21 Nails Exim
Exim is a free mail transfer agent (MTA) used on Unix-like operating systems, 59% of all MTA solutions used worldwide are Exim as of May 2021. The maintainers of the Exim email server software have released security updates to address a collection of 21 vulnerabilities, dubbed 21Nails, that can be exploited by attackers to take over servers and access email traffic through them
The vulnerabilities were discovered by security firm Qualys, experts recommend to update installs to Exim version 4.94. The 21Nails vulnerabilities, if left unpatched, could allow threat actors to take over these systems and then intercept or tamper with email communications passing through the Exim server.
11 issues are local vulnerabilities, while 10 of them could be remotely exploited, experts pointed out all Exim server versions released since 2004 are affected. Below the list of bugs discovered by Qualys:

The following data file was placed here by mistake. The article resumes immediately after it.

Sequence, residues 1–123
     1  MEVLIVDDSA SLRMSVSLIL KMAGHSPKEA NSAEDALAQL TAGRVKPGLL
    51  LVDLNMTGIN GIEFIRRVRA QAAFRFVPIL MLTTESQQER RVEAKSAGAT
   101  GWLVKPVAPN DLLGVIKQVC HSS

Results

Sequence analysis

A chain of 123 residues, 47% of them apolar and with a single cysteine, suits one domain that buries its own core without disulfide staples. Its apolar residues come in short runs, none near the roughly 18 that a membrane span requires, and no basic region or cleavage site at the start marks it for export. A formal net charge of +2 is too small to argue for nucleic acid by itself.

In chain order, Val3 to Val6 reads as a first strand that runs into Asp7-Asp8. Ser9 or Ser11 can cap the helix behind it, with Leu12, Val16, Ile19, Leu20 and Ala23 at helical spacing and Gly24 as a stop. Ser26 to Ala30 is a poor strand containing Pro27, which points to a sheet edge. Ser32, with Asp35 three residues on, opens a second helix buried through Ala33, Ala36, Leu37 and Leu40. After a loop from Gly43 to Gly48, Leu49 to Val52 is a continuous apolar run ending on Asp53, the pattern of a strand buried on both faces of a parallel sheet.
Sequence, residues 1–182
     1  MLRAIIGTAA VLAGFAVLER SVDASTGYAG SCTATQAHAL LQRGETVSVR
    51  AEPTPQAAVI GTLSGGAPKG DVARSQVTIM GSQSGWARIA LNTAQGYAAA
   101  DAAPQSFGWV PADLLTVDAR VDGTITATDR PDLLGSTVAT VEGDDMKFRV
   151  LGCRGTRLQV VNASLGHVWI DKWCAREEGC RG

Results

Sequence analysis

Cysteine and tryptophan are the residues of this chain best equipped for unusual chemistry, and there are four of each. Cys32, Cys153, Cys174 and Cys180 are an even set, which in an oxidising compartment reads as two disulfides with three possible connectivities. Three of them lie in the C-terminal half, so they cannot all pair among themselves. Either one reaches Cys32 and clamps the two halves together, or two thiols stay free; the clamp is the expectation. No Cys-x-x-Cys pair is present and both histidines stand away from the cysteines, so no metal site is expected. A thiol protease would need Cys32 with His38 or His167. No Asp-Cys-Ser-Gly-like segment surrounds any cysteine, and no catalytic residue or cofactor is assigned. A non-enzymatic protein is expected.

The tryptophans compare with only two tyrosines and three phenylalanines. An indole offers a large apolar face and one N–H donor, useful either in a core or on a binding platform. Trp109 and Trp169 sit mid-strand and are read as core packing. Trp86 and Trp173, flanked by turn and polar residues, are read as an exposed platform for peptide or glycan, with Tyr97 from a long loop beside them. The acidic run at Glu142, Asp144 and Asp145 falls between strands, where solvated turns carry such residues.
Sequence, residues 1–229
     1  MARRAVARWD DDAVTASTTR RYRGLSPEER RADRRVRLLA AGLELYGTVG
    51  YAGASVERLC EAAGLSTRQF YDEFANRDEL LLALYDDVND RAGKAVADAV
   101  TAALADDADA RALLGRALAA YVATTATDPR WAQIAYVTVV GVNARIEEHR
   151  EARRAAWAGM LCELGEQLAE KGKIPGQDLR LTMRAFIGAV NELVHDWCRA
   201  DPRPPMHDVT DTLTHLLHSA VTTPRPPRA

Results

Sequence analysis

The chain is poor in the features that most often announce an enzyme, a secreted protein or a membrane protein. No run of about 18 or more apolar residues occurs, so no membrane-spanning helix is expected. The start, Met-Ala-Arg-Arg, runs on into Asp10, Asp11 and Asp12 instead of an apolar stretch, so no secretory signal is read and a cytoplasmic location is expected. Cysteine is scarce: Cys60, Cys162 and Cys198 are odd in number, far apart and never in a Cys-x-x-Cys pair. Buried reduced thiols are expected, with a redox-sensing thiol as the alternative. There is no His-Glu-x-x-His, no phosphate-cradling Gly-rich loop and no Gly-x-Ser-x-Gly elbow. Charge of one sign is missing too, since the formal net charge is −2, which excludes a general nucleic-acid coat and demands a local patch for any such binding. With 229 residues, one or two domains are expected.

Experts have not tried to exploit all of these vulnerabilities, they explained that successfully exploited 4 LPEs (Local Privilege Escalations) and 3 RCEs (Remote Code Executions):
- CVE-2020-28007 (LPE, from user “exim” to root);
- CVE-2020-28008 (LPE, from user “exim” to root);
- CVE-2020-28015 (LPE, from any user to root);
- CVE-2020-28012 (LPE, from any user to root, if allow_filter is true);
- CVE-2020-28020 (unauthenticated RCE as “exim”, in Exim < 4.92);
- CVE-2020-28018 (unauthenticated RCE as “exim”, in 4.90 <= Exim < 4.94, if TLS encryption is provided by OpenSSL);
- CVE-2020-28021 (authenticated RCE, as root);
- CVE-2020-28017 is also exploitable (unauthenticated RCE as “exim”), but requires more than 25GB of memory in the default configuration.
Experts announced they will not publish that exploits for now.
This is not the first time that experts disclose vulnerabilities in EXIM software, in May 2020 the U.S. National Security Agency (NSA) warned that Russia-linked APT group tracked Sandworm Team were exploiting a critical vulnerability (CVE-2019-10149) in the Exim mail transfer agent (MTA) software since at least August 2019.
The flaw is a heap-based buffer overflow, tracked as CVE-2019-16928, that resides in the string_vformat (string.c). An attacker could exploit the flaw using an extraordinary long EHLO string to crash the Exim process that is receiving the message.